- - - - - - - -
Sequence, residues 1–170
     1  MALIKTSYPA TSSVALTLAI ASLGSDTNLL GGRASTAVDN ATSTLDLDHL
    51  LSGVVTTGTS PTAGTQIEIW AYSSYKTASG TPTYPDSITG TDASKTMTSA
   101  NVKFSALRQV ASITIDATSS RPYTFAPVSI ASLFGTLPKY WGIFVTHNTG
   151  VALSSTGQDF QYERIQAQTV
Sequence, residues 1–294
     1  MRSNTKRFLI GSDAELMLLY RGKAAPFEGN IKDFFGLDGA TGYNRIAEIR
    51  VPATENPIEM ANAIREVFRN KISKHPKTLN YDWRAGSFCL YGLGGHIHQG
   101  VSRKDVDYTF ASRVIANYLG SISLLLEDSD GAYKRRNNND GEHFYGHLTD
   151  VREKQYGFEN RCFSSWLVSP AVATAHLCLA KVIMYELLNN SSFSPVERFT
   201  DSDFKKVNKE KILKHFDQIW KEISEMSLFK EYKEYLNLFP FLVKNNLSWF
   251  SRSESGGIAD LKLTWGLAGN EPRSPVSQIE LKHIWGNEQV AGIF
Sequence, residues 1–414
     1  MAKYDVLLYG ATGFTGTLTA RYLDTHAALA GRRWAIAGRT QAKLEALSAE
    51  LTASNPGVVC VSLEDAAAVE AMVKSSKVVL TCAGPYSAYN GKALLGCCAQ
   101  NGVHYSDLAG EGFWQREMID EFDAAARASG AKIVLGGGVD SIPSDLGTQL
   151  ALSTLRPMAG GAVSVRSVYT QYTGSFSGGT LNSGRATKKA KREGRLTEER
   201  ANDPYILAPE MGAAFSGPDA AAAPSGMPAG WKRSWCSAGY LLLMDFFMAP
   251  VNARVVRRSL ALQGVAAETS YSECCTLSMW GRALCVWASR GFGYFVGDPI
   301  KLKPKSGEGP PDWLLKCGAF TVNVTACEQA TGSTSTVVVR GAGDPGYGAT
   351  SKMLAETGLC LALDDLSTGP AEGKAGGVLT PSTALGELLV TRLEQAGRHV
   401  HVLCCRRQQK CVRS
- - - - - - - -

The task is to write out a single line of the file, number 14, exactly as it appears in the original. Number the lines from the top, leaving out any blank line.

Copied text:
     1  MAKYDVLLYG ATGFTGTLTA RYLDTHAALA GRRWAIAGRT QAKLEALSAE